Ahead of the 2017 World Music Day there’ll be 2 days of Film Screening celebrating music as an unrelenting force in the face of oppression.
About The Films
THEY WILL HAVE TO KILL US FIRST: Malian Music in Exile [dir. Johanna Schwartz.] is a feature-length documentary following musicians in Mali in the wake of a jihadist takeover and subsequent banning of music. Music, one of the most important forms of communication in Mali, disappeared overnight in 2012 when Islamic extremists’ groups rose up to capture an area the size of the UK and France combined. But rather than lay down their instruments, Mali’s musicians fought back.
SUMÉ: THE SOUND OF A REVOLUTION [dir. Inuk Silis Høegh]: From 1973 to 1976 the Greenlandic rock band Sumé released three albums and changed the history of Greenland. The group’s political songs were the first to be recorded in the Greenlandic language – a language that prior to Sumé didn’t have words for “revolution” or “oppression”. After 250 years of Danish colonization Sumé set in motion a revival of Greenlandic culture and identity, and paved the way for a Greenlandic home rule government.
Date: 10th June, 2017
Venue: Old Film Unit, Nigerian Film Corporation, [beside Voice of Nigeria] Ikoyi Rd, Obalende, Ikoyi, Lagos.
SONG OF LAHORE examines the lives and the cultural heritage of Pakistan's classical musicians, and asks whether there is still room for them in a society roiled by social and religious upheaval. After toiling in obscurity for years, an innovative album leads Sachal Studios to international acclaim, and a triumphant concert with Wynton Marsalis and his orchestra at Jazz at Lincoln Center. This feature length documentary by Academy Award winning filmmaker Sharmeen Obaid-Chinoy and Andy Schocken follows their dramatic journey, and asks if they will ever find an audience at home.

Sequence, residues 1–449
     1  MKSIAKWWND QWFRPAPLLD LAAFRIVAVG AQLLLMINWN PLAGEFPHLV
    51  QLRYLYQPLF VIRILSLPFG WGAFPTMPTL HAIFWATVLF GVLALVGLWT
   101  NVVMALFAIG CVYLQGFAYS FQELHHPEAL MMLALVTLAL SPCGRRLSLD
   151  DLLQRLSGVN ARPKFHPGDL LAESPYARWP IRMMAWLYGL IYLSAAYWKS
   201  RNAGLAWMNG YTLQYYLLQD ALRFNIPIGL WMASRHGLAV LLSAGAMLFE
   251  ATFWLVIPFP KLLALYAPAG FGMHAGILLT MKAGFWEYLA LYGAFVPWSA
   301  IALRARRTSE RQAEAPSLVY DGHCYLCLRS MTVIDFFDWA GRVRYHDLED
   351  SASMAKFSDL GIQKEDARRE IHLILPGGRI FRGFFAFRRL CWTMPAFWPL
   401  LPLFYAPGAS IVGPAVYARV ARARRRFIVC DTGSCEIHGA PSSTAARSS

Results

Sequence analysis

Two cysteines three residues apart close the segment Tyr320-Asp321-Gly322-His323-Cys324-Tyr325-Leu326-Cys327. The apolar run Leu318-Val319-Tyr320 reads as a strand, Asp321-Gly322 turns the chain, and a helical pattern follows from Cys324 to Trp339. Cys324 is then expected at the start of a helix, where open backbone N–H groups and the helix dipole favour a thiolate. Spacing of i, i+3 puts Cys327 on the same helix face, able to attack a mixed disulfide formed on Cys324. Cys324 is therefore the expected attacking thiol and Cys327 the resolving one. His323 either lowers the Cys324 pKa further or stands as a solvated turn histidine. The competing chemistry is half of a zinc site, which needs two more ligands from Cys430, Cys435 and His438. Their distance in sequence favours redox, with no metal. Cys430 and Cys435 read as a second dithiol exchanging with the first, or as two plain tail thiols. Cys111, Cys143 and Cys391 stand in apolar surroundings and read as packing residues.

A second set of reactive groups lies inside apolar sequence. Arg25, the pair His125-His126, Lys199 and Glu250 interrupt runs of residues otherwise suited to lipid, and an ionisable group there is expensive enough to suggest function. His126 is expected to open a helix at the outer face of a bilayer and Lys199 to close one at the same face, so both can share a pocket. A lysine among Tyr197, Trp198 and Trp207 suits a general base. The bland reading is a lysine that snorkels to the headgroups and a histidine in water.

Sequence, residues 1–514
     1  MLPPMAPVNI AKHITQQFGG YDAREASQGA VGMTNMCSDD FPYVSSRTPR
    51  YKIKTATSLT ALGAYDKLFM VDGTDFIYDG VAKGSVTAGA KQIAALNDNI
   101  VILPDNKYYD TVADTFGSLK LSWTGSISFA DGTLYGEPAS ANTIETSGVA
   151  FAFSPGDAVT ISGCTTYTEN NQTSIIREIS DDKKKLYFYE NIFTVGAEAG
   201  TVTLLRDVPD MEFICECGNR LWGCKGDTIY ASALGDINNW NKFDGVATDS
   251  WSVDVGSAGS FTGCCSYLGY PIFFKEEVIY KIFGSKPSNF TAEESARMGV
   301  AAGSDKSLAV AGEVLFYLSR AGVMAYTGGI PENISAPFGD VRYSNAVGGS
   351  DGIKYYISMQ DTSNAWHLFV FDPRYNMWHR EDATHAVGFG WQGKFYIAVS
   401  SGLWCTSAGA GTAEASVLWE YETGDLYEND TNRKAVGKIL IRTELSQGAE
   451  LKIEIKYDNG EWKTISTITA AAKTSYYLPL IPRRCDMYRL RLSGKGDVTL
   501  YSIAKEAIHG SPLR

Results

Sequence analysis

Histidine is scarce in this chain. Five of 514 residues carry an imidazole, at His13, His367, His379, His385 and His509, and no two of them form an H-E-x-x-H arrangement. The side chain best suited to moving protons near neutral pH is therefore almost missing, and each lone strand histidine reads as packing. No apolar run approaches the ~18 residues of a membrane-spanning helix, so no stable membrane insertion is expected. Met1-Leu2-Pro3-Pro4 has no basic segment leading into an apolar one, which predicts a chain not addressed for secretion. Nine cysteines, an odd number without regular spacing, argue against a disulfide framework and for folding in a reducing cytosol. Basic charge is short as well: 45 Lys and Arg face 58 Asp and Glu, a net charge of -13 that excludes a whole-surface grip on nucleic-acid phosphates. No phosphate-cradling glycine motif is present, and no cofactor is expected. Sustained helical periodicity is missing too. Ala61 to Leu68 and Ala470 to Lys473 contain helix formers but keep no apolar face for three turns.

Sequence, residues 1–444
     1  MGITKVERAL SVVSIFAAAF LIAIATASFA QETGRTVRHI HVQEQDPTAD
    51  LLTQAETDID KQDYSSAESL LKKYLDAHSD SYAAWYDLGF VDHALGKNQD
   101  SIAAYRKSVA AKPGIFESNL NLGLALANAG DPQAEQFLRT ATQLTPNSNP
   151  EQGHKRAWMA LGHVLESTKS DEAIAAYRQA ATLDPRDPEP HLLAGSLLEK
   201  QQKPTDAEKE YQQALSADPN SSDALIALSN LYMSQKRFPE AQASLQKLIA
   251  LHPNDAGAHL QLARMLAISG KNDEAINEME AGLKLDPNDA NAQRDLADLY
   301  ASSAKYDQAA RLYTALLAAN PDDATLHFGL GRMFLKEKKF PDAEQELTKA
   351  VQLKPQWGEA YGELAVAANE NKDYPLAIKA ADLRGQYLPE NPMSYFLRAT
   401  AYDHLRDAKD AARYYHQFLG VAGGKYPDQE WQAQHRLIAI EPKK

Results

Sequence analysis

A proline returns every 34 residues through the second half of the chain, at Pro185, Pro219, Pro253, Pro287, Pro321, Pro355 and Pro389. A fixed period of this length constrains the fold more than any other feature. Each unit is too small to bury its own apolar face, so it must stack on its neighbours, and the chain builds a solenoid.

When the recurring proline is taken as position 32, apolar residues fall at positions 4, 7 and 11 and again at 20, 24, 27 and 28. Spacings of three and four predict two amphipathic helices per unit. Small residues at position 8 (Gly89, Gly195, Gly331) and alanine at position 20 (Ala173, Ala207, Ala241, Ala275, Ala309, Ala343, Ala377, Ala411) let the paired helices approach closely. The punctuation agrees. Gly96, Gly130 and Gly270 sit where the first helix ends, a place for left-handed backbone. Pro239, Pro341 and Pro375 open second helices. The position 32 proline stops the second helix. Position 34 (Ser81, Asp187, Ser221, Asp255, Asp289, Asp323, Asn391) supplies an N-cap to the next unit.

Date: 10th June, 2017
Venue: Old Film Unit, Nigerian Film Corporation, (beside Voice of Nigeria) Ikoyi Rd, Obalende, Ikoyi, Lagos.
Creative Producers International is a new world-wide talent development programme led by Watershed, which will provide fifteen Creative Producers from across the globe with the skills they need to become the city change-makers of the future.
Successful participants will gain the skills and abilities to have a new kind of conversation with city leaders and keep art at the heart of decision making. They will transform how their community engages with city futures and deliver ground-breaking projects at the intersection of creativity, technology and public space.
The result will be a diverse group of people and cities who influence, challenge and support each other, and have sustainable routes for sharing their knowledge and innovation all over the world. The programme will run from the beginning of October 2017 to the end of December 2019.
The successful Producers will receive a £2,000 bursary every year for three years plus travel, accommodation and per diems to attend events in Bristol and Tokyo, a £5,000 ideas development fund, training, mentoring, support throughout and lots more.
Ayobami Adebayo, whose debut novel ‘Stay With Me’ has just been shortlisted for the prestigious Baileys Women’s Prize for Fiction, and Yewande Omotoso, South African based Nigerian writer, who was also found by the Baileys' searchlight earlier this year, and whose acclaimed novel ‘Bom Boy’ won South African Literary Award for First-Time Published in 2012, will be on a moderated platform to discuss Literature across African borders.
The Literary Crossroads series brings together African writers on the continent and from the Diaspora to discuss contemporary trends and themes in Literature.
Moderator: Molara Wood
Date: 19th May, 2017
Time: 4:00pm Prompt
Venue: Goethe Institut City Hall, 30 Catholic Mission Street, Lagos Island, Lagos, Nigeria
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